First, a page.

Finally, a break in the weather brought on a flurry of activity. After an impressive whooooosh, the launch vehicle, accompanied by a billowing tail of exhaust gases, rocketed flawlessly into the sky.
Unfortunately, instead of reaching an apogee just over a kilometre high as planned, it levelled out at about 800 m.
Because of its shallow trajectory, the rocket’s three parachutes didn’t stand a chance. The momentum ripped all three off their attachment points, followed by the rocket and its two-CanSat payload plummeting groundwards in a trajectory that would have made an Olympian javelin thrower proud.
Later, while the two teams rummaged through the wreckage to see if anything was salvageable, Nicol deadpanned: “Oh well, and that’s our final result!” Martinez was just as philosophical. “That’s engineering for you. You invariably learn more from your mistakes than from your successes.”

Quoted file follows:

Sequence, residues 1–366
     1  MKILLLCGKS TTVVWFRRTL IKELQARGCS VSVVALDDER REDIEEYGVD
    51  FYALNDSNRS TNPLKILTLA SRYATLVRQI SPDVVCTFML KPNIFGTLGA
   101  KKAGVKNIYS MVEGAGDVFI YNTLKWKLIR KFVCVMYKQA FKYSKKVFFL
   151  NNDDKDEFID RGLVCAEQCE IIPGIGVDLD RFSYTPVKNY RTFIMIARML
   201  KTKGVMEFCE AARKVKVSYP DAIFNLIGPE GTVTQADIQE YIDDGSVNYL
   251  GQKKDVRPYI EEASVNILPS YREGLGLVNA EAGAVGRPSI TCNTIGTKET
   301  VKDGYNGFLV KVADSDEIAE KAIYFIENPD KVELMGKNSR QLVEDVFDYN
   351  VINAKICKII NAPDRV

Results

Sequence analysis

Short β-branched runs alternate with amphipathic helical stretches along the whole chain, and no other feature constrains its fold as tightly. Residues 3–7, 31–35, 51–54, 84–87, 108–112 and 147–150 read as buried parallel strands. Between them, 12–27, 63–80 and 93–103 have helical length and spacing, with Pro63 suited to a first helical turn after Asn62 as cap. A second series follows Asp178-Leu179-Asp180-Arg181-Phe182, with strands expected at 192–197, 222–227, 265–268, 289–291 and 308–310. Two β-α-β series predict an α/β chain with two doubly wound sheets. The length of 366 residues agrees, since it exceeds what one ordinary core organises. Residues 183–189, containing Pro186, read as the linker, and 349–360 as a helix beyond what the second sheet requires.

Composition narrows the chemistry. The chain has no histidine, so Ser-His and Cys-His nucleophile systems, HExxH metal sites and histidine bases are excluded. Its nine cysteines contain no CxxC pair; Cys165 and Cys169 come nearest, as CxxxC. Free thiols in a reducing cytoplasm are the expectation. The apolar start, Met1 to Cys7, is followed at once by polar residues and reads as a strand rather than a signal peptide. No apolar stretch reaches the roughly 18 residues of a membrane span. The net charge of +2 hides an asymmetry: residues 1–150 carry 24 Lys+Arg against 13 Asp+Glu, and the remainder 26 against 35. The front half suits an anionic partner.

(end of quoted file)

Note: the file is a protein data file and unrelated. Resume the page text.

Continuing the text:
Neither team was put off by the experience one bit. In fact, both are keen to rebuild their projects and launch them again in their own time – just because they can.
Kemp, who is the chairman of UCT’s South African Space Association (SASA) student chapter, would also like to throw down the gauntlet to other universities. “What we want to do is host an annual CanSat event. Apart from being loads of fun, it’ll also be a great way for us all to compete against each other and create more awareness about space studies here at home.”
To find out more, visit SASA UCT’s Web site http://sasa.soc.uct.ac.za/